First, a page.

Chinook ETS is a team of student engineers from École de technologie supérieure in Montreal, Canada. We are trying to design and build a prototype wind-powered car with the highest possible efficiency for the Racing Aeolus event held in Den Helder, Netherlands. Our goal is not only to perform well during the race but also to develop efficient wind turbines through numeric simulations, new composites fabrication processes, advanced electronics and out-of-the-box thinking. ANSYS simulation solutions play a key role in our design efforts. Continue reading
The Hyperloop from SpaceX is the future of fast, affordable and sustainable transportation. HyperXite, our team from the University of California, Irvine, which is competing in the SpaceX Hyperloop Pod Competition, is using ANSYS Fluent and ANSYS Mechanical simulation solutions to design and build a 1:2 scale Hyperloop pod.
If successful, the pod eventually will be able to transport 840 people between Los Angeles and San Francisco at 760 mph while floating on a cushion of air. Of the 120 teams in the competition, we were the only team in the top five at SpaceX design weekend to propose air levitation as our driving force. Continue reading
Knights Racing is a Formula SAE team from the University of Central Florida. Formula SAE is an international competition in which students design and build a race car as well as manufacture the car’s components. During the competition, teams are not only assessed based on vehicle performance but in static events like a business case presentation and engineering design review. This year, our team participated in the Formula SAE Michigan competition located at Michigan International Speedway.
Each year the University of Canterbury Motorsport (UCM) team in New Zealand pushes the boundaries of what can be achieved in racing; in 2016 they overcame their greatest challenge to date. After three years (2013-2015) of competing in the Australasian Formula SAE competition with an internal combustion engine vehicle , the team decided in 2016 to design and build New Zealand’s very first four-wheel drive (4WD) electric vehicle for the competition. The results were remarkable: UCM made history by becoming the first team with an electric vehicle to win a dynamic event at the Australasian Formula SAE competition.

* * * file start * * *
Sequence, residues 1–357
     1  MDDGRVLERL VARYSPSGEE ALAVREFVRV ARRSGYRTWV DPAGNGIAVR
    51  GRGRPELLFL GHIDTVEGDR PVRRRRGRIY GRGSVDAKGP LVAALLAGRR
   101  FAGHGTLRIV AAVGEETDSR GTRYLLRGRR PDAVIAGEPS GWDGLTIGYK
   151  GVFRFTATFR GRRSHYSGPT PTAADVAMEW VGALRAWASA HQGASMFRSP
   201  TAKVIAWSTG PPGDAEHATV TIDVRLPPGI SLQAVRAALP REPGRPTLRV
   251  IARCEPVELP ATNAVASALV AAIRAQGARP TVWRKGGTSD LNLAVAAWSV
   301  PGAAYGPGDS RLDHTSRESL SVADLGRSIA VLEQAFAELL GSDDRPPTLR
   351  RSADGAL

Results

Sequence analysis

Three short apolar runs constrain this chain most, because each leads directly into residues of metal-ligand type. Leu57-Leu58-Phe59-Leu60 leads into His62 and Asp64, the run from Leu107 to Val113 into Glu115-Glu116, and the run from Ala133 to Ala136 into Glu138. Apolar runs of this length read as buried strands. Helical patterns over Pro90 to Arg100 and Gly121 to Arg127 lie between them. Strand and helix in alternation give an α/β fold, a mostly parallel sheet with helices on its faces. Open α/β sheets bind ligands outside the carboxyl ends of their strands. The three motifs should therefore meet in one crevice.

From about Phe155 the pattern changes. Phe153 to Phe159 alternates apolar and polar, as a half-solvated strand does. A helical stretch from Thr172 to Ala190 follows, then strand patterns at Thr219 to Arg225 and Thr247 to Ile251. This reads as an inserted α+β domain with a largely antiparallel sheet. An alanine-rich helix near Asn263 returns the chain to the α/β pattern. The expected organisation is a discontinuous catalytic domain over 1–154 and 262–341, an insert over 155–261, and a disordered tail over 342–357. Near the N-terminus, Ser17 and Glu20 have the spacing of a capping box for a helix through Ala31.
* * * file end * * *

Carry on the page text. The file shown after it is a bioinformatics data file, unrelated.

Since starting out as a segmented group of individuals passionate about high-speed technology, Berkeley Hyperloop (bLoop) has come a long way in our (roughly) two years of existence. What started as a vague mission to create a broader impact on the future of transport is now a tangible team of engineers, designers, marketers, logisticians and everything in between and we have no plans of stopping now. Of course, we didn’t do it alone. We’d be remiss if we did not acknowledge the generous support of sponsors like ANSYS, sponsors that have helped us realize the dream of designing and bringing a functional Hyperloop pod to that only existed in our wildest dreams up until a few months ago.
UWashington Formula Motorsports is a student-organized team that competes in Formula SAE. We design, build and test two small, formula-style race cars for the competition: one combustion and one electric. Each year we compete nationally and internationally at Formula Student Lincoln and Formula Student Germany. Everything our club produces is done entirely in-house. We produce our own designs, perform our own machining, and manufacture our own carbon fiber parts. Through the entire design process, UWashington Formula Motorsports strives to validate design decisions with sound engineering methods, and the simulations we run using ANSYS make this possible. Continue reading
I am feeling excited and a bit worried today. Recently, I had the pleasure of hosting a young lady, I’ll just call her Miss E, as part of a job shadow program we do with local 8th grade students interested in STEM (Science, Technology, Engineering and Math). Miss E had an enthusiasm for engineering and learning about engineering, mechanical engineering and robotics in particular, that was contagious.
She easily grasped engineering concepts, asked excellent questions, and amazed me with her computer skills. She had the ability to extend what I taught her about engineering simulation at the start of our time together and her own life experience to the fluid dynamics and structural mechanics tutorials she did during our meeting. Miss E has had several other excellent opportunities to be exposed to engineering and each one seems to add to her excitement and commitment to an engineering education after high school. Continue reading
Most of the successful engineers I know share one common skill: They are very good at succeeding when they fail. I suspect this is a skill that successful engineers across many disciplines share. Whether someone is building a bridge, an airplane wing or a smartphone app, he or she has likely failed often and used that information to improve the design each time. At ANSYS, we strive to help engineers create better products by allowing designers to fail early and often. With each iteration, the design improves until a safe, useful and profitable product is ready for delivery. This ability comes directly from experience, so how can we give young engineers a head start?
One avenue is BEST Robotics, a nationwide competition in which high school and middle school students build and demonstrate a human-controlled robot that must perform specific tasks. Funding is provided entirely through sponsors, so schools participate at no cost to them. BEST involves many aspects of real-world product development:
- Design, construction and operation of a robot
- Marketing presentation
- Trade show-style booth construction
- Technical writing
Students are constrained both by time (six weeks) and resources (a list of parts), requiring them to continually make trade-offs as they modify their designs. Continue reading